The political left wing has long tried to cast doubt on the fairness, and even the efficacy, of free market capitalism by branding it as a "trickle down" system. This epithet is meant to show how the middle and lower classes are dependent on scraps of wealth that happen to fall from the buffet table of the rich. This characterization of an unfair and inefficient system has helped them demonize policies that lower taxes (if they also extend to the wealthy) and reduce regulation on business.
To correct these supposed problems, they have long called for policies to redistribute wealth or for government to inject funds directly into the economy. Either mechanism puts money into the hands of everyday consumers who they claim to be the true engines of economic growth. They believe that consumer spending lies at the root of the economic pyramid. When people spend, business owners are able to sell more products, hire more workers, and reap more profits. In essence, they believe in a system of "trickle up" economics, whereby prosperity flows upward from government into the lower and middle classes and ultimately to the upper class.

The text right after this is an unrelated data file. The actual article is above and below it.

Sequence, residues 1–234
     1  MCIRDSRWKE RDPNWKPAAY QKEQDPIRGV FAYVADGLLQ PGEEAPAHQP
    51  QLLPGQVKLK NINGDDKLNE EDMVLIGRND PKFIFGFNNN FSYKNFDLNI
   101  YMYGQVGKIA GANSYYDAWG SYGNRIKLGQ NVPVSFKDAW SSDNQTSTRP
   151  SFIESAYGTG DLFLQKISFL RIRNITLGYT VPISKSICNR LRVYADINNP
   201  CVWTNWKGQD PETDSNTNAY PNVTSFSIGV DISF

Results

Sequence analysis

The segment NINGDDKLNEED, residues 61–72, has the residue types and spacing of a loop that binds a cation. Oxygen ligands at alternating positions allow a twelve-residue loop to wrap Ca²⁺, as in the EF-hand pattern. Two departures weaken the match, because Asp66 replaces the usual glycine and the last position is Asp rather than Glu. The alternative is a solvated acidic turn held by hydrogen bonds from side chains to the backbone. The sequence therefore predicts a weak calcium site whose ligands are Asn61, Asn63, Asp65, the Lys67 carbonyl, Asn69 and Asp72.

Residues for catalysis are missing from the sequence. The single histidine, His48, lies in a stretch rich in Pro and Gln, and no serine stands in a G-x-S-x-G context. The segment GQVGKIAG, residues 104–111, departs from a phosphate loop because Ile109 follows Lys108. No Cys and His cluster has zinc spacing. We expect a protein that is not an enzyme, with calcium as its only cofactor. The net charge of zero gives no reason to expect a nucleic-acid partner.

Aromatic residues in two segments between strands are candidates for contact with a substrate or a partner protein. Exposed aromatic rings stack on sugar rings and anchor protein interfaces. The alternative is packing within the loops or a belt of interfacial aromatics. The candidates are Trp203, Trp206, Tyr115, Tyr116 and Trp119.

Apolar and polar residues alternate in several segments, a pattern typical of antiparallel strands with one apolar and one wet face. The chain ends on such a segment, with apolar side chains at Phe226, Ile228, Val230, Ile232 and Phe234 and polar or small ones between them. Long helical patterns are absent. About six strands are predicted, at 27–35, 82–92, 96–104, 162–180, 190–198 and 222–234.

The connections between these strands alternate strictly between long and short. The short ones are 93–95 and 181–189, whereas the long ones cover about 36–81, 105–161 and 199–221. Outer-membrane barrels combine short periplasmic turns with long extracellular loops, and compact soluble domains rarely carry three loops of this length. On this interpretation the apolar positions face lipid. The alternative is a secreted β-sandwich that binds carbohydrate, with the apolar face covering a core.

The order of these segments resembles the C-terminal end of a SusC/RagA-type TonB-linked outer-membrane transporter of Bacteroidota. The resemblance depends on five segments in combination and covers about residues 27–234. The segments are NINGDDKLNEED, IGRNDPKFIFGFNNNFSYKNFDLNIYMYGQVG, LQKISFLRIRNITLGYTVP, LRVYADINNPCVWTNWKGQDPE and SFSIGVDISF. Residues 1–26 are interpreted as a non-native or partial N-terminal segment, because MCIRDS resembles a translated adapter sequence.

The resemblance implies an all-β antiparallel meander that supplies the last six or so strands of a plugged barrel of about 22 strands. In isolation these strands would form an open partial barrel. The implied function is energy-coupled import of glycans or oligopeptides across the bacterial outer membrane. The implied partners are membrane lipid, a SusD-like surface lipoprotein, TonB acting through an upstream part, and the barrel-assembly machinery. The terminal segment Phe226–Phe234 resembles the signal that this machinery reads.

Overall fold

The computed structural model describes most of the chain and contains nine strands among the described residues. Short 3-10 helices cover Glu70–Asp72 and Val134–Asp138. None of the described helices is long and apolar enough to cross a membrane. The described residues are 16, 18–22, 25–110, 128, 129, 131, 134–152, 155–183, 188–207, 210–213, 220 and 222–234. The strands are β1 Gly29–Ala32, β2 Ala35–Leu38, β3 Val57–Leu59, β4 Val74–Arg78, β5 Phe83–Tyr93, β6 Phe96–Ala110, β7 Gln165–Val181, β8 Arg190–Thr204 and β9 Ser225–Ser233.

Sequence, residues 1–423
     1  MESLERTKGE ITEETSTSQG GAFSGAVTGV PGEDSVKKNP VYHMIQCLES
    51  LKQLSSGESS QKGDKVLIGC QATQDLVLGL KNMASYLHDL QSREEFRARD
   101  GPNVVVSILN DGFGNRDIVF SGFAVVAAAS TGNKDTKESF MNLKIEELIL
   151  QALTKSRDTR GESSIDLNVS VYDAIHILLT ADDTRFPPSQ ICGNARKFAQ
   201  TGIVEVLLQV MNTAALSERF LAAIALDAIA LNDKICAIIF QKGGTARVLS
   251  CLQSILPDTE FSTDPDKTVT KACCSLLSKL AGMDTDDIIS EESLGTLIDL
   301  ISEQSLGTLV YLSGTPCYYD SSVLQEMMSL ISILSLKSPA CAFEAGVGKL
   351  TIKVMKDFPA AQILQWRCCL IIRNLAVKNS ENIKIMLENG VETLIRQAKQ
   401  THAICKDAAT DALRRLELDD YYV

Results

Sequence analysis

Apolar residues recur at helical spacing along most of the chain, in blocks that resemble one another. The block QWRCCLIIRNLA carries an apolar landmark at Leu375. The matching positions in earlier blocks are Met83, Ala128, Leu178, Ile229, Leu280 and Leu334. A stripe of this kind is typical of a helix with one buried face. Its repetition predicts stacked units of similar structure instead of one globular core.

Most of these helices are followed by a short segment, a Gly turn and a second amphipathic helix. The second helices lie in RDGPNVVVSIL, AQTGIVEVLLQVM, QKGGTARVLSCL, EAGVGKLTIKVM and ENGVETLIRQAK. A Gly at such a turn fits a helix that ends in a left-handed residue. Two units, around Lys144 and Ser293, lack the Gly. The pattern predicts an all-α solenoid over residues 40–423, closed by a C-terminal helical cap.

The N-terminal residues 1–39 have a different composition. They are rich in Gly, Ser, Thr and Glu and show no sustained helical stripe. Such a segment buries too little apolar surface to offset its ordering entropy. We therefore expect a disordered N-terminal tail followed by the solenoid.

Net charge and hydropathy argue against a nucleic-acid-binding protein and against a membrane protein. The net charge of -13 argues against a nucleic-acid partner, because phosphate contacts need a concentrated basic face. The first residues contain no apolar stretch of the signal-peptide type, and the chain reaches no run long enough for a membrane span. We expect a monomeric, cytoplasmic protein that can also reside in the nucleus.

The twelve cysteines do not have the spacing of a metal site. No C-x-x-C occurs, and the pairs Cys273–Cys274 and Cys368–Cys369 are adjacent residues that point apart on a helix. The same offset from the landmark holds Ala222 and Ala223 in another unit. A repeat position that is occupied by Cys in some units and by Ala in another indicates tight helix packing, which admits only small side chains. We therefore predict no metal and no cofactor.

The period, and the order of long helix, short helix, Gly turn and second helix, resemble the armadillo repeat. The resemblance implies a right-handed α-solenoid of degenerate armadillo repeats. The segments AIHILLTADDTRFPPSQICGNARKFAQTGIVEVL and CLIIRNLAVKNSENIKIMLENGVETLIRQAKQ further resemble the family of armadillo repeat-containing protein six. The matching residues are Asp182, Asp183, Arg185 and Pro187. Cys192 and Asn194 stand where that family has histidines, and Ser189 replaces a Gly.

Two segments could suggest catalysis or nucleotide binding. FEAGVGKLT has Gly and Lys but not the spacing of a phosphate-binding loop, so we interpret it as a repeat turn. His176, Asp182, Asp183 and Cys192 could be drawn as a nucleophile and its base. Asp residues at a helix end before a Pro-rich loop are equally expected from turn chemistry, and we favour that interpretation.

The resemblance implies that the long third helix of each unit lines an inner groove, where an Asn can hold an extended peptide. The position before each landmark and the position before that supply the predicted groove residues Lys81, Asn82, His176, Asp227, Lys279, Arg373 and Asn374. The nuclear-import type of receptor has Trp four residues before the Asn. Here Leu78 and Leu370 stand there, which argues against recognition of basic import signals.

Conversely, they argue, if consumers aren't buying, business sales decline and workers lose jobs. The jobless spend less than the employed, putting even more pressure on businesses. This leads into a vicious cycle of falling sales and increased unemployment. They believe that if a shock is not applied to reverse the cycle it is possible for an economy to regress, in theory, right back to the Stone Age. Using such logic, it is easy to identify the foundation upon which the economy rests: it's the spending, stupid. Some progressives have likened this process to a natural ecosystem wherein government spending is the rain that makes grass grow. The grass attracts zebras and antelopes (consumers), which then offer sustenance to the lions (capitalists).